Quantifying the Limited Role of Quantum Dynamics in Biomolecular Function

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Speaker: Professor Ross McKenzie (University of Queensland)
Date: 3rd June 2011

Quantum effects such as coherence, interference, tunnelling, and entanglement are well established for atoms and small molecules in a vacuum. But could quantum “weirdness” also occur in large biomolecules which are in thermal equilibrium with water at room temperature? I will describe a quantitative model for the quantum decoherence of the excited states of optically active biomolecules in a native environment [1]. Key physics includes the multiple time, energy, and length scales associated with the dielectric relaxation of proteins and of water. A wide range of experiments show that quantum decoherence typically occurs on time scales less than 1 picosecond and for distances less than 10 nanometers. These results provide a framework to critically evaluate the claims of some physicists (and New Age pop psychology gurus) that quantum effects are important in biology.¬† Such speculations have increased in the past few years stimulated by some experimental results for photosynthe!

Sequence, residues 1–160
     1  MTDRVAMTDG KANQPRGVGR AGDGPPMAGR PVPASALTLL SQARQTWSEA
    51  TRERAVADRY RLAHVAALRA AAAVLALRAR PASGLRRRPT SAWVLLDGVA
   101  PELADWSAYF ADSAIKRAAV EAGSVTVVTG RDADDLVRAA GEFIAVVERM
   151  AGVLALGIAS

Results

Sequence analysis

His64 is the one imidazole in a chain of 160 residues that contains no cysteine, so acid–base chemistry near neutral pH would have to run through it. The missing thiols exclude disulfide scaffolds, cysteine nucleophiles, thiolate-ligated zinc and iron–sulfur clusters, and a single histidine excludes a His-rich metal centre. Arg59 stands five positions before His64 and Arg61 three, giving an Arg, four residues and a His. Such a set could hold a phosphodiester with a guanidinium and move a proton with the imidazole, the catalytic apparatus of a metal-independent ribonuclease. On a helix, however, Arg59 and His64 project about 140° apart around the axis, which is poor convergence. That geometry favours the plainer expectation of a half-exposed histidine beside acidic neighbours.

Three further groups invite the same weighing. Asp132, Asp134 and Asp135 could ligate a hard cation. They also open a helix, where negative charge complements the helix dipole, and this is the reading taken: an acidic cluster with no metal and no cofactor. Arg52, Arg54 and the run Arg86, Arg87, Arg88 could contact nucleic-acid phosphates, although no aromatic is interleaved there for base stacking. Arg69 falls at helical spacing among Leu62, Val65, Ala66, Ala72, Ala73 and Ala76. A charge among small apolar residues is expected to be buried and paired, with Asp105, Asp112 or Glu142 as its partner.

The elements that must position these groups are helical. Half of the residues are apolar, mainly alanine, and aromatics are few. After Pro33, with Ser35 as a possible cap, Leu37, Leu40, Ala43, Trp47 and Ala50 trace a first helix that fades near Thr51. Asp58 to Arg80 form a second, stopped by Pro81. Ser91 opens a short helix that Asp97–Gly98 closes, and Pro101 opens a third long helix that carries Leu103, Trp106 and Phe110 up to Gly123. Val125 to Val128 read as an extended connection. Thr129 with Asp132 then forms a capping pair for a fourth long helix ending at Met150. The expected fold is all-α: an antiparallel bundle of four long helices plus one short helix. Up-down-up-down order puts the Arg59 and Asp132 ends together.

tic systems. I contend that most claims of “quantum biology” are based on wishful thinking and involve (i) debatable data analysis with an excessive reliance on curve fitting, (ii) a misunderstanding of what biological evolution implies about the efficiency of specific processes in biomolecules, and/or (iii) speculations which go far beyond what the experimental data actually establish. Nevertheless, there is a lot of interesting physics involved in understanding the role of quantum decoherence in biomolecular function at sub-nanosecond timescales. One important challenge is to define an effective Hamiltonian for a specific class of biomolecular processes. This must find a balance between the distinctively different levels of detail normally used in physics, chemistry, and biology. I will briefly illustrate this with¬† recent work on Green Fluorescent Proteins [2]. A second challenge is solving the quantum dynamics in realistic parameter regimes where there is no simple sepa!
ration of time scales.

[1] J. Gilmore and R.H. McKenzie, J. Phys. Chem. A 112, 2162 (2008).

[2] S. Olsen and R.H. McKenzie, J. Chem. Phys. 130, 184302 (2009).